Thread: Autism
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Old July 11th, 2013 (9:26 PM).
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Bounsweet Bounsweet is offline
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    Join Date: Oct 2007
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    I've seen a lot of self-diagnosed autism, particularly online.

    Autism can be more extreme than people being socially awkward. I worked at the local mall for the past year and gave out free samples occasionally, so I ran into a lot of people. Two children in particular stand out significantly to me. When one boy and his father approached me when I was giving out free samples (candy offered in a tray, I had a 'spoon' so I picked up a piece and placed it in their hand) I was about to offer him the piece when he grabbed my hand and was pulling the spoon to his mouth. His dad pulled him back before he could bite it or anything and explained that he was autistic.

    The second child I experienced while running the cash register, and he found an Alvin and the Chipmunks doll we were selling and started screaming and physically harming himself when his mother (maybe just a caretaker) told him he couldn't have it. He actually started throwing the doll at me and my co-worker for us to ring it up and his mom had to literally drag him out of the store as he screamed "Alvin!" and slapped himself.

    Those were the only extreme cases that I've had any experience with. Now, I've known people who will diagnose themselves as autistic for whatever reason. I've seen one girl in particular do this as a scapegoat for having a crappy demeanor and pretty much just being a complete jerk to everyone she meets. She could have legitimately had a mild case of autism, but based on my own experiences with her (her saying she's autistic one day, the next day saying that she has no form of autistim at all...?) I think it's safe to say that she's the type who uses these disorders in her favor, so to speak.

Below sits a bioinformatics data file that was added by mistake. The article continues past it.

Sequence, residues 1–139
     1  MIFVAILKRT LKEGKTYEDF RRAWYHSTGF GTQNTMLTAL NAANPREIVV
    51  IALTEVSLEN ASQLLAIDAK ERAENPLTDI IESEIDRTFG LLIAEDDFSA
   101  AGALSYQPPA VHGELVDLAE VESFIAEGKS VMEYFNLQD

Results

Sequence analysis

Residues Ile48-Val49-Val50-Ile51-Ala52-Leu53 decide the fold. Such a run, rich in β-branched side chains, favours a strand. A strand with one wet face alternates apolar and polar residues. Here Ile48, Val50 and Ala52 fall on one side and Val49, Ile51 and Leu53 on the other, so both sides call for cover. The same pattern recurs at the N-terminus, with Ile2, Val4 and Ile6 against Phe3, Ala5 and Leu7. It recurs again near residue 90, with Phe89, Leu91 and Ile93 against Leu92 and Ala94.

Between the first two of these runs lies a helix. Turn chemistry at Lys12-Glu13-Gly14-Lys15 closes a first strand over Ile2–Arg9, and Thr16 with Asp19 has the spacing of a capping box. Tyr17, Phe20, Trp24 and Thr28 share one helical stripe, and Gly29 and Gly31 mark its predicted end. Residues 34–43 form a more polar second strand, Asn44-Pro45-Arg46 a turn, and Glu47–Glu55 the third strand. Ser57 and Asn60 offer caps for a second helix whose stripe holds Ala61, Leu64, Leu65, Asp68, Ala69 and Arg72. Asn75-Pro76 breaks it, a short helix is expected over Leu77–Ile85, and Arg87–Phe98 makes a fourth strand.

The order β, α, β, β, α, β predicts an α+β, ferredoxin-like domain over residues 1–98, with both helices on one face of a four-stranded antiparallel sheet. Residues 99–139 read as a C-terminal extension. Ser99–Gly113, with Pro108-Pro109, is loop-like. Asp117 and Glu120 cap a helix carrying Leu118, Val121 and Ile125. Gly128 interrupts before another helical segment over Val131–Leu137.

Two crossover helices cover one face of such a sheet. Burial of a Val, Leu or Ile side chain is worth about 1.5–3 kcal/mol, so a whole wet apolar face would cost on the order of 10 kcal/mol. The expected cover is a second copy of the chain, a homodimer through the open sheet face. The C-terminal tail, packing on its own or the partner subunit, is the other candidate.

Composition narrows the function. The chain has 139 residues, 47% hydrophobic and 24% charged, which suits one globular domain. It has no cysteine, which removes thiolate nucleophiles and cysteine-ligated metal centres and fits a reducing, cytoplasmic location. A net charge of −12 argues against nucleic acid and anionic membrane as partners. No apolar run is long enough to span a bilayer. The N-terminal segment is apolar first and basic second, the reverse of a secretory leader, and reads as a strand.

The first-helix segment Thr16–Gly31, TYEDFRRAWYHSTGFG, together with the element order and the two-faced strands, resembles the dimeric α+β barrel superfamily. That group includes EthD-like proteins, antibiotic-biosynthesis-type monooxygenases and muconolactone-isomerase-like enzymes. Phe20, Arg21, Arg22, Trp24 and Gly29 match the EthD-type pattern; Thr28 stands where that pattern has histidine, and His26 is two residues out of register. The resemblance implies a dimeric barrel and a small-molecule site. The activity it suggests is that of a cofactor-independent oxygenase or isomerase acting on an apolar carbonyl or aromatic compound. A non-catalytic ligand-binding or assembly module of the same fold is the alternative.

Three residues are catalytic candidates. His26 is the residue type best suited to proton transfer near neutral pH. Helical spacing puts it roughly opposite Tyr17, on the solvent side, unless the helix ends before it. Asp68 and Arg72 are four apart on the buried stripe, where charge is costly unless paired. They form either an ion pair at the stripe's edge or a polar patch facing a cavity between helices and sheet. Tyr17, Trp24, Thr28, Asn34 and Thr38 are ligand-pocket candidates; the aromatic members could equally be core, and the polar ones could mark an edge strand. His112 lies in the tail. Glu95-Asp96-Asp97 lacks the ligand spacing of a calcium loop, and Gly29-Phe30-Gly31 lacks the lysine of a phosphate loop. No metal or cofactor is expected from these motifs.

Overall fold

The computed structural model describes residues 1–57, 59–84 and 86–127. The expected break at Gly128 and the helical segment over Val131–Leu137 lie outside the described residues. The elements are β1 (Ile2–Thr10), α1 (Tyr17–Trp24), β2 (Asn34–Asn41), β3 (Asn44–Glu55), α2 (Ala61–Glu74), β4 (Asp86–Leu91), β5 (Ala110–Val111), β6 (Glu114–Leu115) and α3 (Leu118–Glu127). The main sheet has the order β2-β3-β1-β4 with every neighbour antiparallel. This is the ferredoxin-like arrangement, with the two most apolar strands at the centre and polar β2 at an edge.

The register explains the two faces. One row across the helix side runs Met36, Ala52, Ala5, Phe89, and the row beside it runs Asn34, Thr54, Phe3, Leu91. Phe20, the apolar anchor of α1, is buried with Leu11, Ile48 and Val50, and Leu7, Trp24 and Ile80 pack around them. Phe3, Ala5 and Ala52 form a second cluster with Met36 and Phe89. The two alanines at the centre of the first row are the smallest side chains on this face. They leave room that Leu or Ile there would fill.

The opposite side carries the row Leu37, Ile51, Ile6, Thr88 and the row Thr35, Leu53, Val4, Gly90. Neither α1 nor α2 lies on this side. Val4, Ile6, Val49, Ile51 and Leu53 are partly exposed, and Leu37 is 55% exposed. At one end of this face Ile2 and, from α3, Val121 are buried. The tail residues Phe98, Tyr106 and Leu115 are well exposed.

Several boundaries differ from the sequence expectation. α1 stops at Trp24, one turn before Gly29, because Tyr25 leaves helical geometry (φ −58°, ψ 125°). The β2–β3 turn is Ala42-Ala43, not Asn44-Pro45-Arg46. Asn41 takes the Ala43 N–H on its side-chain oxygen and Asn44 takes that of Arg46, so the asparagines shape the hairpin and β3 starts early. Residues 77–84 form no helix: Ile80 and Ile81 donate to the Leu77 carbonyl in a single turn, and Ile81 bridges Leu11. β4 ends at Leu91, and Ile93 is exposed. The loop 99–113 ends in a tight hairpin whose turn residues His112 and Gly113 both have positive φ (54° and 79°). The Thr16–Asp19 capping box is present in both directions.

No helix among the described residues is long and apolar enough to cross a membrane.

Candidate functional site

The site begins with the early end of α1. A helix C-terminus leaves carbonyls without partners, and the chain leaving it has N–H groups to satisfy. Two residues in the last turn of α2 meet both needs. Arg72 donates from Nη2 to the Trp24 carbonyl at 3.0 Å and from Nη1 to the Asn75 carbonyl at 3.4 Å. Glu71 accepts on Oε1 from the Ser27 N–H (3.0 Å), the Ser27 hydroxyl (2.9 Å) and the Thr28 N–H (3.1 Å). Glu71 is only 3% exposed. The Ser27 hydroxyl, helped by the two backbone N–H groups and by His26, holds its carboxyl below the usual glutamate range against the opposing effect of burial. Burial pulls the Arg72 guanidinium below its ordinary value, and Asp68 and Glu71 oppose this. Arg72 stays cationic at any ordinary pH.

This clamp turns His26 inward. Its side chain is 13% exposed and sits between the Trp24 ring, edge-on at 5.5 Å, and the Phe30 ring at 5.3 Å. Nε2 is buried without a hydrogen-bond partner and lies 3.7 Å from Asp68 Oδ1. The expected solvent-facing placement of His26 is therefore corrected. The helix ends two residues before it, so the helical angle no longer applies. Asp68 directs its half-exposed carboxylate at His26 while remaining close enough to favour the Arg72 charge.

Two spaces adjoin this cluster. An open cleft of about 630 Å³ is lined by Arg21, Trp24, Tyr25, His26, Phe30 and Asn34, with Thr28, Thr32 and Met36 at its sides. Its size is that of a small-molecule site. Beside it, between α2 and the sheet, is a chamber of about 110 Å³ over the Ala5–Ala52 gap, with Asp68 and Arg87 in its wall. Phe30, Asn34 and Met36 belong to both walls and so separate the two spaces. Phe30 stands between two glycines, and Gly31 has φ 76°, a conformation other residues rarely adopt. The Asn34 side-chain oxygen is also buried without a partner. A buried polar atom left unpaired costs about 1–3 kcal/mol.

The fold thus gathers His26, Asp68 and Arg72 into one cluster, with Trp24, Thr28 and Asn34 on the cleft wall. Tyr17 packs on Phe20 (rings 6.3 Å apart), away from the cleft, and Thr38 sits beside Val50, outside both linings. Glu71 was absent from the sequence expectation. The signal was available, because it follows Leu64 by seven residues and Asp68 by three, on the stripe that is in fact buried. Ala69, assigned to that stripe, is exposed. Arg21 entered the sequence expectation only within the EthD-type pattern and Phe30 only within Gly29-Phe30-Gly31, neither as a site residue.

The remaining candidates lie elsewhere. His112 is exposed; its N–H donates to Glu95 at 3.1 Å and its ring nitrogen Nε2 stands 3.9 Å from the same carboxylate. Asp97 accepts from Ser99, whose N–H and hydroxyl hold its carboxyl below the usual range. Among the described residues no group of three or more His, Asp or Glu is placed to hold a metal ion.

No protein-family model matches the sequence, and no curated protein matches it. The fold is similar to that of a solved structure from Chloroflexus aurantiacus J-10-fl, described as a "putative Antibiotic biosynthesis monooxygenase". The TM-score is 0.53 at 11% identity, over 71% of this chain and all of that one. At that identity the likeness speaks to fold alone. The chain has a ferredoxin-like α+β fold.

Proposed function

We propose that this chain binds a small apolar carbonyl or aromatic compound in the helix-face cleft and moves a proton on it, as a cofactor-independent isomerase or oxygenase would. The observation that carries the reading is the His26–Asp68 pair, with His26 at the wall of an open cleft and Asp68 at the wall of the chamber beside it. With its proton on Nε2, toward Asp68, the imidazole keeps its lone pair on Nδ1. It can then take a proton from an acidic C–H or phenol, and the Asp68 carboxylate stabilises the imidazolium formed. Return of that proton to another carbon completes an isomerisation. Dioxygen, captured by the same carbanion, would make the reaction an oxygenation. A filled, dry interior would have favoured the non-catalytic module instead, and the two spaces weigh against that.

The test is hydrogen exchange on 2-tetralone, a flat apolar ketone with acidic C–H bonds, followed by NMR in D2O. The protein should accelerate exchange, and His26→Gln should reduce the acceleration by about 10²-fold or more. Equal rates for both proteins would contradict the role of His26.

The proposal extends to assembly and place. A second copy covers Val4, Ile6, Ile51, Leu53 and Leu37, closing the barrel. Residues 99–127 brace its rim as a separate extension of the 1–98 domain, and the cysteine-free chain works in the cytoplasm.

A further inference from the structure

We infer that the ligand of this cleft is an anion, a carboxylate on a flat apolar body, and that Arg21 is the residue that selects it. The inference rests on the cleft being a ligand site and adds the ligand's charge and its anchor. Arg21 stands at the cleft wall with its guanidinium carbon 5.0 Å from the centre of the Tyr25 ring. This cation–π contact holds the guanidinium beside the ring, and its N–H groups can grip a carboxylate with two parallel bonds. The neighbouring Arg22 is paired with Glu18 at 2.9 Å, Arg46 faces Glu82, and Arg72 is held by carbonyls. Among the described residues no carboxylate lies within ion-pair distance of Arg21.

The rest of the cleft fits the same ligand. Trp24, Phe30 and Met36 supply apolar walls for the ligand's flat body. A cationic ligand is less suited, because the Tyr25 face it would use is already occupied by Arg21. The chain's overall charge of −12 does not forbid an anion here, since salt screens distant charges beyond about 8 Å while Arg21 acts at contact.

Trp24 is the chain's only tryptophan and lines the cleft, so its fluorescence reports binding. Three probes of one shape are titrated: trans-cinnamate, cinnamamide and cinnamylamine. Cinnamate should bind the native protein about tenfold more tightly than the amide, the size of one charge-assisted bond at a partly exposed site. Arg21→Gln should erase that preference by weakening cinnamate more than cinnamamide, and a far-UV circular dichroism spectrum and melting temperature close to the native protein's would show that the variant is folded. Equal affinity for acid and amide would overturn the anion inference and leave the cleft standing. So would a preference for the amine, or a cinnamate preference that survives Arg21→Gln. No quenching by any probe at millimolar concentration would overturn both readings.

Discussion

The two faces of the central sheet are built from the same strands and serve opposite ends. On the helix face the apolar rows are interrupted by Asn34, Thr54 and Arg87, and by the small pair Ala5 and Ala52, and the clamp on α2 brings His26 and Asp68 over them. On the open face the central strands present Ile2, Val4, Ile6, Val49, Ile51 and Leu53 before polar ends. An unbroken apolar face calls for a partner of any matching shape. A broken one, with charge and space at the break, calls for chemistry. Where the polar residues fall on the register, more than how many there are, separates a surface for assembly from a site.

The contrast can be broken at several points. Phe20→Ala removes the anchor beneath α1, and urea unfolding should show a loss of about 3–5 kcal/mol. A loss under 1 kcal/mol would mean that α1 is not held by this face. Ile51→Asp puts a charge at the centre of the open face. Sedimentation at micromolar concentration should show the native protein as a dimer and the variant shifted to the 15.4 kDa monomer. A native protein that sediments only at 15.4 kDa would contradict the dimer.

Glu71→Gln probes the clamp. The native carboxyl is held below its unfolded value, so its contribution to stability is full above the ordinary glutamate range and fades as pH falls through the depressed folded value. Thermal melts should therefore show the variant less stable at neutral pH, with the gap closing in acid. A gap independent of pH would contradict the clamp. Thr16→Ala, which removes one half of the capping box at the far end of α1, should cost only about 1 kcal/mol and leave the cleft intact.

I believe that autism is a very real and very, very misunderstood disorder but because of its nature people will often diagnose themselves or be misdiagnosed by doctors, even, and it all just fuels the misconception on the disorder. It's difficult to wrap one's mind around how autism works because there are so many levels of severity in it, one boy at my college has a mild case where the only thing that makes him stand out is that he approaches everyone in the student center to avidly discuss My Little Pony and can't pick up on obvious and blatant clues when someone doesn't want to talk. He's in a completely different zone than the boy who harmed himself and screamed because of a doll.

    tl;dr diagnosing autism is a pretty fluid practice because of the levels of severity, and this leads to a lot of misconceptions about people with the disorder.
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